Series: F-1 Visa Application Process (Part III)

Series: F-1 Visa Application Process (Part III)

As a means to help ease the stress that can be caused by the process of applying for an F-1 student visa, Optimus has been inspired to start its first blog series. In this series, we aim to equip all of the students wishing to come visit the Orange County, California area to study English here at Optimus Language School with the necessary tools to ensure the least difficulty in entering the country. In part III of our series, we dive into the need and nature of the interview process, and we end with some basic information on actual entry into the country.

The ultimate goal of the interview process is for a consular officer to determine whether or not each student is fit for entry into the country. As outlined in part II, this process is necessary for a handful of key reasons. First, to determine why a student has decided to come and learn in the states (as opposed to going straight to work in their own country). Questions during the interview process to these ends may include questions concerning what your goals are academically, as well as questions concerning the job you hold in your country.

Making your intentions after you have completed studying in the U.S. clear is also a major part of the interview process. While it is possible to legally stay in the U.S. after your F-1 visa is up through other means, the inherent purpose of an F-1 visa itself is to give students from foreign countries the chance to study in America. For this reason, your interviewer will attempt to make sure you intend to return back to your own country once you have completed your studies. There are a wide range of ways to provide enough evidence of this including an obligation to family or any property that is owned in your country of origin.

Finally, and quite possibly most importantly, the officer will attempt to determine whether or not you are financially prepared for study in the U.S. It is no secret the world over that the U.S. is among the most expensive places to study in the world. It goes without saying that saving for the cost of tuition should be at the forefront of any travelling student’s priorities. Furthermore, other expenditures like rent and health insurance must be planned for to ensure the most painless admission into the United States.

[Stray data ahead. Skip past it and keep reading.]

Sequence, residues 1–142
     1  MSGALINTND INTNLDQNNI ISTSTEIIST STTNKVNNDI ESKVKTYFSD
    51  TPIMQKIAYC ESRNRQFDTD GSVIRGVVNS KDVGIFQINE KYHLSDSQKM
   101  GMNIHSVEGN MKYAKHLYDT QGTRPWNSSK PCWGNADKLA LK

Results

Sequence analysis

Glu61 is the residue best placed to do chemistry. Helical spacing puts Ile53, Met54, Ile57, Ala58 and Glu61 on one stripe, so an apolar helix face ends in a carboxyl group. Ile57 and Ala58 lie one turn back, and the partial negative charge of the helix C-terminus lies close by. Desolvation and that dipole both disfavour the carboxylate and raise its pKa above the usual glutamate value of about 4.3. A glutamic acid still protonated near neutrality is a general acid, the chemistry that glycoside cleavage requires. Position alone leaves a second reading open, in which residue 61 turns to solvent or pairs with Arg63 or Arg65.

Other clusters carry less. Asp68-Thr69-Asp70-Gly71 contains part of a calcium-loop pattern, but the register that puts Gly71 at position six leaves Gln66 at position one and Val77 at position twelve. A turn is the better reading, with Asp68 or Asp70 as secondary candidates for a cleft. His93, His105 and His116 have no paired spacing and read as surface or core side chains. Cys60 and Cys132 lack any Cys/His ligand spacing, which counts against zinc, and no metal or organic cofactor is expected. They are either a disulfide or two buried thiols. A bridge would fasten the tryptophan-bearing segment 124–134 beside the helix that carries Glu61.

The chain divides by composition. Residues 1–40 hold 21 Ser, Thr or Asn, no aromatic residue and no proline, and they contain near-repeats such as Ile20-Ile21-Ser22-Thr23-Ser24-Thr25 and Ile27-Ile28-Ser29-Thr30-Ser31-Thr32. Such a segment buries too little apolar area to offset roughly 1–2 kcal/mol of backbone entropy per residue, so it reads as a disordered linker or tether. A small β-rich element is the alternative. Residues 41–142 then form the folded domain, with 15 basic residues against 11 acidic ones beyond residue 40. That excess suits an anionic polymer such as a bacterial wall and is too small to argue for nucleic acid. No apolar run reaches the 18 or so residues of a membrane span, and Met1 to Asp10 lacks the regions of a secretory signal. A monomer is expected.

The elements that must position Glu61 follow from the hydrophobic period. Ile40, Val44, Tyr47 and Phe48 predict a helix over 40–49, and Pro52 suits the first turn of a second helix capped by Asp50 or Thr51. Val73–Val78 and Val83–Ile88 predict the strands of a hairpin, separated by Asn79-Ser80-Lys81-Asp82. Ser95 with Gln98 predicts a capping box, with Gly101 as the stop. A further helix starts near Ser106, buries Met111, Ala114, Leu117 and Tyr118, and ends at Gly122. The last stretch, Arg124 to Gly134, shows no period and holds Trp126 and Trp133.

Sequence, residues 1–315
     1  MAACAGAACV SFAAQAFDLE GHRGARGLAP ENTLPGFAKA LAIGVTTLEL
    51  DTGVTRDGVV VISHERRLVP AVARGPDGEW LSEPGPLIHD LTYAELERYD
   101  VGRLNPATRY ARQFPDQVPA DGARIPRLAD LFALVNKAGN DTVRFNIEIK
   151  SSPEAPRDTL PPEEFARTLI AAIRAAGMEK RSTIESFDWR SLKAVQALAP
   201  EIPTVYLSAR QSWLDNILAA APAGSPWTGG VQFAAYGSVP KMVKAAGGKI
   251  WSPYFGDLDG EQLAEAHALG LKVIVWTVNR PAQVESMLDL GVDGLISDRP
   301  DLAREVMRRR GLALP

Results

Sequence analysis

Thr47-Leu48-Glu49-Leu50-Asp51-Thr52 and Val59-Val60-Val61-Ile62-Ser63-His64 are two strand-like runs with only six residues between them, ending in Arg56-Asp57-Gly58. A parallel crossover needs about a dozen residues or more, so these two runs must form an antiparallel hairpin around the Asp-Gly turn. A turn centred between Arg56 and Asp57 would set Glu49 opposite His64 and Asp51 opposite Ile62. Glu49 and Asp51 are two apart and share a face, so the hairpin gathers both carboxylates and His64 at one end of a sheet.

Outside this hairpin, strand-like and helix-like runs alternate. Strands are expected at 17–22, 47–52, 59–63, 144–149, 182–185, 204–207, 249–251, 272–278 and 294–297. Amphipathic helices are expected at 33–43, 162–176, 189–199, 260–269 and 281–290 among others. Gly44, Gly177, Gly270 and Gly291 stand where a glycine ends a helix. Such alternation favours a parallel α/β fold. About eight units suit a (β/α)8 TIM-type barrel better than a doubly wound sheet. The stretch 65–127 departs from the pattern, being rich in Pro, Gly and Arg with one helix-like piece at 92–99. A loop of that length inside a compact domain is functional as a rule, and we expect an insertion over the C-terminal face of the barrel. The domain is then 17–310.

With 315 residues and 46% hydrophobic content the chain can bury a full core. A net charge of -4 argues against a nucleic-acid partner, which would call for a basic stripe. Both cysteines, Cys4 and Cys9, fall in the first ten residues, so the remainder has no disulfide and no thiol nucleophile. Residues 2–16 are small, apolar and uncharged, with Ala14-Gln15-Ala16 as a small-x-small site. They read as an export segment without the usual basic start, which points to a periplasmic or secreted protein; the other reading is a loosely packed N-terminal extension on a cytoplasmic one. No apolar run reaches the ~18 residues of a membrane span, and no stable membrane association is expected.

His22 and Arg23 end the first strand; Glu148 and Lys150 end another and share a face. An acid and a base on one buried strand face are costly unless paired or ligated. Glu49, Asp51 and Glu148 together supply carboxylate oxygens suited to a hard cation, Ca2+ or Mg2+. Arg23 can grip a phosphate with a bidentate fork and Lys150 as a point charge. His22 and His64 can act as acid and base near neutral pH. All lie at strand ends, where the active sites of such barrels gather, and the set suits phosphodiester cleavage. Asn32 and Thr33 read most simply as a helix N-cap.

After the interview process, it’s time to make your way to the United States! Entry can be granted as early as 30 days before the start of classes through a U.S. port-of-entry. This port-of-entry is most typically an airport, and it is up to you what location you will arrive through. It is important to keep in mind that while a visa does permit its owner entry into the states, it is not a guarantee. The Department of Homeland Security (DHS) as well as the US Customs and Border Protection (CBP) will have officers present at the port-of-entry who are the final word on whether or not any traveler from a foreign country will be admitted into the US. Information on the specific process for admission of students, as well as information concerning restrictions on food, agriculture, and other products can be found on the CBP website ( Upon admission to the US, you will be issued either an admission stamp or an I-94 form.


At this point in the series, entry to the United States has finally been achieved! It will be a long and sometimes difficult road, but we hope that the provide information will help to assuage some tension brought on by the F-1 visa process. Catch out next blog in the series where we set our sights on how a student can extend their stay in the United States past the time they spend here studying.


Published on August 19, 2016

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